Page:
Private companies nationwide are facing a new pain point in the labor force: “quiet quitting.” Employees are doing the bare minimum while looking for new jobs and focusing their time and effort on life outside of work. Signs of “quiet quitting” include chronic employee disengagement, employees failing to meet or exceed performance standards, and team members rarely speaking up or taking initiative.

As any entrepreneur or business leader knows, increased employee engagement means a more effective and productive business, leading to better business outcomes and returns for shareholders. As a company grows, shareholders see their paper wealth accumulate. However, employees with stock options or private company shares typically can’t access that wealth, and may not even have the means to exercise their stock options and become company shareholders; this can be particularly true of younger employees who often have more limited financial resources. More often than not, employees with options or shares at private companies must wait until a company exit event, such as an IPO, in order to cash in on their hard-earned equity. As a result, the ability of employees to pursue their personal and financial goals can be entirely dependent on the company’s ability and timeline to exit.

The promise of eventually cashing out on equity ownership has become a common employee retention method. You may have even heard of the term “golden handcuffs.” This refers to      compensation or benefits provided by employers, which cannot be fully accessed by an employee, unless they remain at the company over a period of time. Private company equity grants, in which employees vest over a number of years are a common form of “golden handcuffs” and used as a retention strategy to keep employees at a company longer.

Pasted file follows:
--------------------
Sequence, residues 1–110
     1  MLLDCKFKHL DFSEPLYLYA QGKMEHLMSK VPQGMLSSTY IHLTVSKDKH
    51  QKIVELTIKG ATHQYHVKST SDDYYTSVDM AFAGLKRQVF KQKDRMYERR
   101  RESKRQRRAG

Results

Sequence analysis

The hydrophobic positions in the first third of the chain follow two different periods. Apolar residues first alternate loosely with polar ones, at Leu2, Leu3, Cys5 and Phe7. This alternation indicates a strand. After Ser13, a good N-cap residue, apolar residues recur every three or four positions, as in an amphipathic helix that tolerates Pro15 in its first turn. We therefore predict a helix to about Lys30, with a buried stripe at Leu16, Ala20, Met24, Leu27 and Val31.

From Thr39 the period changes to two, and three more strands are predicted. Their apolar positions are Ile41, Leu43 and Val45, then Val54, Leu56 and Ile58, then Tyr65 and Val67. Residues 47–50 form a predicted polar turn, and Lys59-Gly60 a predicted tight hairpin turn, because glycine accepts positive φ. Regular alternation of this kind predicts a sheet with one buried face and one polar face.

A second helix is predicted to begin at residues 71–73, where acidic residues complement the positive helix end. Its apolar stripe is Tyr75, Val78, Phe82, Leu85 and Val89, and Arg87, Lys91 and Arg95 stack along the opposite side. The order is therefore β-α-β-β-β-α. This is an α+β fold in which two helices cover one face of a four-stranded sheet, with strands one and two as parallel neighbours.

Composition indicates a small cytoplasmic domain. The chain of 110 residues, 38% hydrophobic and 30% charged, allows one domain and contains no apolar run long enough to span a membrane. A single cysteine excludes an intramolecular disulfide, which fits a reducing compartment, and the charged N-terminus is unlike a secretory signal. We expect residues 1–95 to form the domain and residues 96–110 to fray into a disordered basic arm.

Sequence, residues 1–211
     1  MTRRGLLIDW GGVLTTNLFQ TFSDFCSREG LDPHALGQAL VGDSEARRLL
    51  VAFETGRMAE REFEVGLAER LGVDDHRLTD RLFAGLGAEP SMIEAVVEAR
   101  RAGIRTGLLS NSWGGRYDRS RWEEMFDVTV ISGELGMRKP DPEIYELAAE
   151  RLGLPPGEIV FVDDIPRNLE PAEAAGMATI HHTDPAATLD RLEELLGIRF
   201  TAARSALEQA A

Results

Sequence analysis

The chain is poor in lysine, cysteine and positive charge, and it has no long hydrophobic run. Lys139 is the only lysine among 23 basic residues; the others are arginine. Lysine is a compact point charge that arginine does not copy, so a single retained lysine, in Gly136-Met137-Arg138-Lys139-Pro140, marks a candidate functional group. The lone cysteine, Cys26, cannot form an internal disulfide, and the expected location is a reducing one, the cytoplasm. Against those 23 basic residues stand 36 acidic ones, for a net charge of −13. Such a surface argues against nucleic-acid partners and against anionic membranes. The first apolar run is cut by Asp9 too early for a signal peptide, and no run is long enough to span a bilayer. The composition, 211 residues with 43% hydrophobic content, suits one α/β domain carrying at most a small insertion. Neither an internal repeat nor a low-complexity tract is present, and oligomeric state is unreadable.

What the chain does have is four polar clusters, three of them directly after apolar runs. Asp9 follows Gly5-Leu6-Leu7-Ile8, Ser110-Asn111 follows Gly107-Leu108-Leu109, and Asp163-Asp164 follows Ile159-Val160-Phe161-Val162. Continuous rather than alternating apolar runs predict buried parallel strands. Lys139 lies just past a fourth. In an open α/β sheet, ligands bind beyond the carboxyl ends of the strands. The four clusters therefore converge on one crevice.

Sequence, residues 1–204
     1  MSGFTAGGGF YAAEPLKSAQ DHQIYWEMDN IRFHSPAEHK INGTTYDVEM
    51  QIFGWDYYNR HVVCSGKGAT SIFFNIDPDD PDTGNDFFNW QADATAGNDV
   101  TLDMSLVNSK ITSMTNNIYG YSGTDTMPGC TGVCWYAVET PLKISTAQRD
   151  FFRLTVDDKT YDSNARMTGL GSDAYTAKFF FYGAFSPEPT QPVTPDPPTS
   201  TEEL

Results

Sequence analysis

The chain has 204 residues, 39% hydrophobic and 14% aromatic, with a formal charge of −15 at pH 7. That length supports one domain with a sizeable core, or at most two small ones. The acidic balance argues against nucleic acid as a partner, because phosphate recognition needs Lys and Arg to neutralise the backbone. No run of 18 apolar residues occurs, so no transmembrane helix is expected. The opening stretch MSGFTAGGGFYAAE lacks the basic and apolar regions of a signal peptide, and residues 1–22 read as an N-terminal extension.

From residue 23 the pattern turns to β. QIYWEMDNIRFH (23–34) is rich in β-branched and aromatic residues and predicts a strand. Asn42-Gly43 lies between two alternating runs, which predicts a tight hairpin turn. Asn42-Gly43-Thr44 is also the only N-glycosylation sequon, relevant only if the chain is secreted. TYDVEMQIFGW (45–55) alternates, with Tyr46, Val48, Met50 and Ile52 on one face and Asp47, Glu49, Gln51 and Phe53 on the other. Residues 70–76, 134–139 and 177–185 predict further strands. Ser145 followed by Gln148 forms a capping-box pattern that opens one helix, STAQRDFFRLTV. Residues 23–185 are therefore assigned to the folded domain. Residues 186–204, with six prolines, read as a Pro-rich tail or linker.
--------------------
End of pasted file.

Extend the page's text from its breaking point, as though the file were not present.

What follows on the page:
Another term often heard in Silicon Valley is “resting and vesting” – in a similar capacity to “quiet quitting,” employees will stay at a company and do the bare minimum (“rest”) while they wait out the vesting schedule for their stock options, not wanting to leave the equity they’ve earned on the table. As trends like “quiet quitting” and “resting and vesting” emerge, who is really benefiting from the golden handcuffs strategy, which keeps disengaged employees at jobs where they’re no longer invested in personal growth and company success? Certainly not employees who are tied to a job where they’re not finding value, nor are the companies benefiting, as they may experience a decline in productivity and growth as a result. Employees are a company’s greatest asset. It’s vital to craft retention strategies that can improve employee engagement – which is only achievable when employees want to stay.

So, how can companies avoid quiet quitting and increase employee engagement? One option is to implement employee liquidity and option-exercise programs. Option-exercise programs make it possible for employees to afford to exercise stock options early – allowing them to tax-optimize and become company shareholders, aligning their interests with those of the company. Liquidity programs allow employees to access the value of their equity grants without waiting years for an exit event, and without giving up their stake in the company. Company support for these programs not only saves employees the trouble of looking for solutions themselves in uncertain times, but can help boost employee morale, increase employee engagement and retention, and help attract top talent. Liquidity and option-exercise programs can also help improve the perception of a brand, highlighting the company as one that cares about the personal and financial success of its employees.

Employee-owned companies have proven success rates for driving business growth. A Harvard Business Review study found that companies with employee stock ownership plans (ESOPs) saw employment growth at least 5% greater over a five-year period than their competitors without an ESOP in place, and also saw 5.4% faster sales growth. The study also found that 73% of the ESOP companies in their sample “significantly improved their performance after they set up their plans.”

At Liquid Stock, our team structures innovative programs and solutions with select high-growth private companies and equity-holders. We allow private companies to offer an alternative approach to liquidity for employees, tailored to their specific situations and needs. These solutions provide potential tax benefits. Therefore, they do not elicit “price discovery,” which can be particularly beneficial in these uncertain times.

Learn more about how Liquid Stock solutions can help increase employee engagement, strengthen equity benefits, and empower employees to enjoy the value of their company equity.

About the Author:
Annie Woodworth is Vice President of Legal at Liquid Stock. Previously, she was a counsel at venture capital firm, 500 Global, and an associate at the law firm O’Melveny & Myers. She holds a JD from Harvard Law School.

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